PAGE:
DES MOINES, Iowa -- This week has been jam-packed with campaign events across the state of Iowa, as presidential hopefuls try to use what little time they have left to convince caucus-goers to support them on Feb. 1.
Latino leaders around the state say they are disappointed in the small number of presidential candidates that reach out to their communities while visiting Iowa. But leaders say that will not stop them from proving their power this election cycle.
"Many of our people have not been approached by the presidential campaigns. They're not on that radar screen for whatever reason,” said Joe Enriquez Henry, director for the League of United Latin American Citizens of Iowa.
Historically the Latino community hasn't always been as excited to caucus as the rest of the state and it's having a harmful effect.
Over 1,000 Iowa Latinos participated in the Iowa Caucuses in 2012, but LULAC officials say that’s about to change this year.
“We expect at least 10,000 of our people to participate in our caucuses throughout the state,” Henry said. “We are empowering our community on our own. We are an independent voice with key issues when it comes to jobs, education, health care and comprehensive immigration reform.”
LULAC is distributing a special caucus edition of Hola Iowa directly targeting Latino communities to spark caucus participation and a hunger for politics.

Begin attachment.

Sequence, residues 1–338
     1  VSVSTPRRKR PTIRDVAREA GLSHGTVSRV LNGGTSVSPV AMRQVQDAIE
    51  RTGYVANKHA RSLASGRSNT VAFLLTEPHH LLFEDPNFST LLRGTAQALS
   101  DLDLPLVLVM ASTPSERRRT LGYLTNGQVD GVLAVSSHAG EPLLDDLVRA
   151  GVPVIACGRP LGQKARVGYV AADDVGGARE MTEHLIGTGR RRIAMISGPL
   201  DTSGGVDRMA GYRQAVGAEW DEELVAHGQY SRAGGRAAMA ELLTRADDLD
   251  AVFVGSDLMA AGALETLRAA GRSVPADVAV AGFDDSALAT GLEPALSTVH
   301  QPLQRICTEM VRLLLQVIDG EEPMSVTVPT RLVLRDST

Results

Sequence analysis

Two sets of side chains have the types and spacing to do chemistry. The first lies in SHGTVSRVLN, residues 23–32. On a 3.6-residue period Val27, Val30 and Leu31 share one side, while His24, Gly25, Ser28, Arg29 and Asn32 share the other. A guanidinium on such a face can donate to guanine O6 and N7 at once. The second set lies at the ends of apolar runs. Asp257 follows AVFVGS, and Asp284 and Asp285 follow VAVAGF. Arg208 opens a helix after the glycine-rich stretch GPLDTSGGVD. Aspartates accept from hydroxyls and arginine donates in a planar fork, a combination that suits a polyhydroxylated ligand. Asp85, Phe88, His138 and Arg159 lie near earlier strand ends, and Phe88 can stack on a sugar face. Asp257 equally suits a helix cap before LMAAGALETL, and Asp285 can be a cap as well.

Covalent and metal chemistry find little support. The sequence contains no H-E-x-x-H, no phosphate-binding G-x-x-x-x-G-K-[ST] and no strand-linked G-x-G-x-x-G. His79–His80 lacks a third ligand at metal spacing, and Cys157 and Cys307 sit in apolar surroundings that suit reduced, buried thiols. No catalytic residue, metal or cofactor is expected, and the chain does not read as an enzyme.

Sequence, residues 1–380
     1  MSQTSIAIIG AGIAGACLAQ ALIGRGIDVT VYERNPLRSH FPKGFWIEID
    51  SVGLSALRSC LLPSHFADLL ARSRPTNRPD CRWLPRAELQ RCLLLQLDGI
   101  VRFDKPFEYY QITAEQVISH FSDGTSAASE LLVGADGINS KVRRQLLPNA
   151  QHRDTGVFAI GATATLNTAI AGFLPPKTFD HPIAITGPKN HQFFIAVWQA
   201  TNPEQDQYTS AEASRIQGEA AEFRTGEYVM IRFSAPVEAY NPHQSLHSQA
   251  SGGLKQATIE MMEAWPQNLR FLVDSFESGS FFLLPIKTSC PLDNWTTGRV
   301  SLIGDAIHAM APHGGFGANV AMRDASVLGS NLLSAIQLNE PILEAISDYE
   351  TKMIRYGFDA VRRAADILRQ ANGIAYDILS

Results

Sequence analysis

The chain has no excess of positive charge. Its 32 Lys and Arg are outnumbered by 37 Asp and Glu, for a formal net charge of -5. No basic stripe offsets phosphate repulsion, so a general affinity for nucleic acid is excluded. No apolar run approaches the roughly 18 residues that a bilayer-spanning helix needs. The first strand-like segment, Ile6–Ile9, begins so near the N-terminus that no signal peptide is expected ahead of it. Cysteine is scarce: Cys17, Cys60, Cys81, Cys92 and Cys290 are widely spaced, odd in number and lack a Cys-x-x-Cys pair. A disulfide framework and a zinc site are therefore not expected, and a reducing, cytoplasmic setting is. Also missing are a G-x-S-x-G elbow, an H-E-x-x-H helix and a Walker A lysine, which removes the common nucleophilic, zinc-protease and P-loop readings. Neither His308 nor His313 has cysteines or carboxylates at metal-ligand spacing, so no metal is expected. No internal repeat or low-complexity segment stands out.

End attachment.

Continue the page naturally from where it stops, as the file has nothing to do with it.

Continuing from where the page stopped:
“The nation is putting their eyes on Iowa so it's important for Latino’s to be a part and be heard and to caucus February 1,” said Claudia Steele, an immigrant from San Salvador who is now an Iowa citizen and a voter.
Now, the Latino community in Iowa is gaining momentum.
There were about 23,000 registered Latino voters in 2007. Now, there are roughly 50,000.
Members of LULAC hope presidential candidates are paying attention to not only the rising numbers but also the enthusiasm.
“We can have a voice and it can be here in Iowa. We can amplify our voice by participating in presidential caucuses,” Henry said.
To reach their goal of 10,000 caucus goers, LULAC leaders say they've been working hard to reach out to strong Latino communities in areas such as Polk, Black Hawk, Johnson, Dallas and Woodbury counties and by covering 700 of the over 1,700 precincts in the state.